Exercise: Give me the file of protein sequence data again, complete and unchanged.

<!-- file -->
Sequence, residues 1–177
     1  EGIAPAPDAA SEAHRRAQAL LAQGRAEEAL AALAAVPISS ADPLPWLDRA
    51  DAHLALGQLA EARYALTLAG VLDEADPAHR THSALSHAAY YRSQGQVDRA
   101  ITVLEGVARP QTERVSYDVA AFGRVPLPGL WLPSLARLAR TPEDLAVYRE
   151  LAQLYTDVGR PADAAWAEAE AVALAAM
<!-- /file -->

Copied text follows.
Sequence, residues 1–177
     1  EGIAPAPDAA SEAHRRAQAL LAQGRAEEAL AALAAVPISS ADPLPWLDRA
    51  DAHLALGQLA EARYALTLAG VLDEADPAHR THSALSHAAY YRSQGQVDRA
   101  ITVLEGVARP QTERVSYDVA AFGRVPLPGL WLPSLARLAR TPEDLAVYRE
   151  LAQLYTDVGR PADAAWAEAE AVALAAM